With free photo-editing apps and programs available that claim to help you “put your best face forward”, we are now able to smooth wrinkles & blemishes, add make-up, remove cellulite, change the color of our eyes, slim our waists, and more – all with a swipe of a finger. It’s one thing to erase a pimple or remove red eyes, but now people have the power to completely alter the way they look (at least in the virtual world). Glamour also revealed (in the same survey) that up to 60% of women use photo-editors to crop, filter, and re-touch their photos. SIXTY PERCENT!!! It’s no wonder body image issues are so rampant these days. WE are the ones intensifying the Hollywood photoshop epidemic by setting our own unattainable beauty standards. How are we supposed to distinguish what’s real and what’s not?
To prove my point, here is a selfie I took yesterday while sitting at my desk. I used the popular FaceTune app to smooth my skin, and then layered two different filters over it to produce the finished image on the right. In the original photo, my dark circles, wrinkles and uneven skin tone are very obvious. I look tired, blotchy and pasty. In the image on the right, however, my skin is flawless and glowing, and my eyes, make-up & hair color are further enhanced with richer colors (thanks to the filters).
With this ability to virtually upgrade/perfect our physical appearances, we are only setting ourselves up to feel worse, not better, about our bodies (by the way, does this make anyone else think of that Bruce Willis movie, Surrogates??? Well, minus the whole robot thing…). And for what?!
Beauty has no real power…but guess what.
Biberdorf says, “Let go of ‘beautiful’. Not everyone can be beautiful, just like not everyone can climb Everest or play the saxophone or be a good kisser.”.
Good point… we are all given gifts and talents, whether we’re born with them or develop them over time. The unfortunate thing is that many of us are so preoccupied with appearances, and so afraid of failure & rejection that we never discover what those unique abilities are. “What’s so toxic about all of this,” says Jesse Fox, Ph.D, “is that for many women, weight and body shape are tethered to who they fundamentally are as a person—tied to their success at work, in relationships, everything. Which means, if you feel bad about your body, you feel bad about who you are at the core.”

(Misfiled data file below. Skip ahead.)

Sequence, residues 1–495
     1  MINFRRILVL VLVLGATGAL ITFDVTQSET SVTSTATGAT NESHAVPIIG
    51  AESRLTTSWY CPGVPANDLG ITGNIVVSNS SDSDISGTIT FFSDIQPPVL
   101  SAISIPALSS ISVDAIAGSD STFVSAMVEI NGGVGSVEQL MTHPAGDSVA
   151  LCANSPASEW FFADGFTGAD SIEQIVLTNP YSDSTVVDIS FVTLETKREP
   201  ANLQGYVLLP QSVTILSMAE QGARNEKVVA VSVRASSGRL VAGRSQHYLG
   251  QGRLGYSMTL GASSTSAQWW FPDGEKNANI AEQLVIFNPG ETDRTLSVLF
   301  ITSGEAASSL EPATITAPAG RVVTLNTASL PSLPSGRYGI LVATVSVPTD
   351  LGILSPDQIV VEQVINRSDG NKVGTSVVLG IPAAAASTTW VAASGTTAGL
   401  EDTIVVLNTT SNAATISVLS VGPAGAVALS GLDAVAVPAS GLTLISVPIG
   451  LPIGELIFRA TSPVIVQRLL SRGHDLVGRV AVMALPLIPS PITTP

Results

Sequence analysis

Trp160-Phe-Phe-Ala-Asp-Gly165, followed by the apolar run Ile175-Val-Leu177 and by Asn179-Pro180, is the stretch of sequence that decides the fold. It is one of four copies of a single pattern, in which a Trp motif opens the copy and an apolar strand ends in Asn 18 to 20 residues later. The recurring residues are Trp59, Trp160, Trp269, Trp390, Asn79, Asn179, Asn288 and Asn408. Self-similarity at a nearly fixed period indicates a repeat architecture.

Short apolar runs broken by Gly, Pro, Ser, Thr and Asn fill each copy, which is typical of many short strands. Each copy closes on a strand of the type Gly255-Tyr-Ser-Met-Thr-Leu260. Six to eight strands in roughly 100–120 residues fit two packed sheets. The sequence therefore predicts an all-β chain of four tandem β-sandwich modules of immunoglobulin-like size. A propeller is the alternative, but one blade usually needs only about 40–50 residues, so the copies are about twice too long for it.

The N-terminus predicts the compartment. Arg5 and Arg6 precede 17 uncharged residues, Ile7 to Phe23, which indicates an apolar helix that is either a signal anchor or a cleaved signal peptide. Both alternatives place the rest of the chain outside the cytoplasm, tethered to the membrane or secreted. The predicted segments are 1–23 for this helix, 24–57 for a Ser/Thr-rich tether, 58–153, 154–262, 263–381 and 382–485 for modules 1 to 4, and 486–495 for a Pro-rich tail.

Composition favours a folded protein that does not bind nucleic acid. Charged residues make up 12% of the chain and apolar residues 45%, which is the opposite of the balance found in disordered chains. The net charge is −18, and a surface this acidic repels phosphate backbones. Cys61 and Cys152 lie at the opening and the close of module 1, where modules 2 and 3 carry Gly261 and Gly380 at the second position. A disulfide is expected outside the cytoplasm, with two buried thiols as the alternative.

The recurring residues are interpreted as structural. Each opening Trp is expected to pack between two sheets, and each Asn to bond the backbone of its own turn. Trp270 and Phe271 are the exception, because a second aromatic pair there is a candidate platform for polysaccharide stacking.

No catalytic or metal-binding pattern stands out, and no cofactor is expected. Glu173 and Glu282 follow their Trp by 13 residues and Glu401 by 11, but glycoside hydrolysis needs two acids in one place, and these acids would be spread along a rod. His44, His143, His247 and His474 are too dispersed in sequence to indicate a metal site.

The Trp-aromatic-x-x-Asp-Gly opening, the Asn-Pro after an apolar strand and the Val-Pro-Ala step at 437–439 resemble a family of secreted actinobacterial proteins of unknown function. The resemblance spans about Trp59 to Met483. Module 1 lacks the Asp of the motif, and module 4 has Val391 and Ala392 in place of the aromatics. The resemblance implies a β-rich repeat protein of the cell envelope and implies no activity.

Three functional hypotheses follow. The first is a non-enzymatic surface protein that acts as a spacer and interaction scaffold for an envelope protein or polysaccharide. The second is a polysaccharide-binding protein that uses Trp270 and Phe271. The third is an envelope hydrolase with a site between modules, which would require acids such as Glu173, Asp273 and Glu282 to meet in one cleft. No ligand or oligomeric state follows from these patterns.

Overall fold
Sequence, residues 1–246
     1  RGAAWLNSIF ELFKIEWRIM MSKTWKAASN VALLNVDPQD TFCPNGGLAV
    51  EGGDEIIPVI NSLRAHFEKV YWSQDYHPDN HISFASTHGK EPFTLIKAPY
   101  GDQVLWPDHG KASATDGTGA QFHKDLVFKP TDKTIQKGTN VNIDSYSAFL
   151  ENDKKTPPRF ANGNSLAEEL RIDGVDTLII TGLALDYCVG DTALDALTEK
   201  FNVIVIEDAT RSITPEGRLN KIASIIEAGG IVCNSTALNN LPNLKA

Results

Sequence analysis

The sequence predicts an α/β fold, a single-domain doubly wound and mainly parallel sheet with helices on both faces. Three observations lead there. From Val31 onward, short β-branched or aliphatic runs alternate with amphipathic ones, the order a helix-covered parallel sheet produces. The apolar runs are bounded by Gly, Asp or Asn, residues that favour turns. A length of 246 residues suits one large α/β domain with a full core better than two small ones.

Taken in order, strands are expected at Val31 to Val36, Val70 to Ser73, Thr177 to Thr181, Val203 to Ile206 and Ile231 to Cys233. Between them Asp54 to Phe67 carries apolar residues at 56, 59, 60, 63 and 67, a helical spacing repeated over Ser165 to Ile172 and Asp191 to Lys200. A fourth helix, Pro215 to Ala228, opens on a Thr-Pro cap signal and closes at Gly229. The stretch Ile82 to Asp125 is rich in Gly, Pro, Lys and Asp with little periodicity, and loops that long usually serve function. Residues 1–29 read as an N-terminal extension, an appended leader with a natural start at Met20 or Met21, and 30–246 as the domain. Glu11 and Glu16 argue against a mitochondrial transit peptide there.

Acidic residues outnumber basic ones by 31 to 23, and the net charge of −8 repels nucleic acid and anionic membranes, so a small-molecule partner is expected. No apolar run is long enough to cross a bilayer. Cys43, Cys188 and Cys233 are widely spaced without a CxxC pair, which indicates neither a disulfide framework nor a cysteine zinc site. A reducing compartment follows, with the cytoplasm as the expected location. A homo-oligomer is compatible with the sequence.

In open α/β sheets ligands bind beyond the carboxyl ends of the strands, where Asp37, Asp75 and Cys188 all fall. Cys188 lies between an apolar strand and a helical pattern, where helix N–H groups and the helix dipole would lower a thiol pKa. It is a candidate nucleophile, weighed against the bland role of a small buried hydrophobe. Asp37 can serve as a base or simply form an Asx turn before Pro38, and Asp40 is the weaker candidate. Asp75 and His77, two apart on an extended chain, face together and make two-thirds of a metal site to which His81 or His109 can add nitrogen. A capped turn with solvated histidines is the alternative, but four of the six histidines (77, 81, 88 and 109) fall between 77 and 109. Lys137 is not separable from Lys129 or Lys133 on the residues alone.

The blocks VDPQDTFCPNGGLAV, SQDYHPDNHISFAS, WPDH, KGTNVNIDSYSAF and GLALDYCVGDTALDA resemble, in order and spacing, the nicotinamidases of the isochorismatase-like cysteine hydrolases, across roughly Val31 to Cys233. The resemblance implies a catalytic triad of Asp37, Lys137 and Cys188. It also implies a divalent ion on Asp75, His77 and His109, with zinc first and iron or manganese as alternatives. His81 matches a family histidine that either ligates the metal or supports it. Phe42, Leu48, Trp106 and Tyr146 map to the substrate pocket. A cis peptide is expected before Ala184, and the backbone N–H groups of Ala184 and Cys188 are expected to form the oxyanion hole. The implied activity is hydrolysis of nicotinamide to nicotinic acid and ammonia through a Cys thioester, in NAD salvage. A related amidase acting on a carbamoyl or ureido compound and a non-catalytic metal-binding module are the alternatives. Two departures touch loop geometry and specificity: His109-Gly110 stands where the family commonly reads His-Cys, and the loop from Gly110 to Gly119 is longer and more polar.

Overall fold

Loving yourself isn’t just a feeling or a state of mind. It’s not looking in the mirror and thinking “I look good today”. It’s an action. It requires effort. It’s about creating a healthy and happy body & mind. It’s about doing things to better yourself and others. It’s about becoming a person you LIKE, and accomplishing things you’re proud of.
Once people begin to realize that each and every one of us has a purpose (and it’s NOT to “be beautiful”), we can begin to establish our own worth and value. Stop letting your appearance hold you back. If you are unhappy with the body you were given, you have two options – plain and simple:
1. If you can’t improve the things you don’t like, you must accept them as-is. Period. You’re not going to be given a new body, so make the most of what you’ve got. Own it. Love it.
2. If you can improve the things you don’t like, DO IT! And QUIT making excuses to start.
Pick an option, and move on. Let go. This life is yours to live, and no one else is going to live it for you.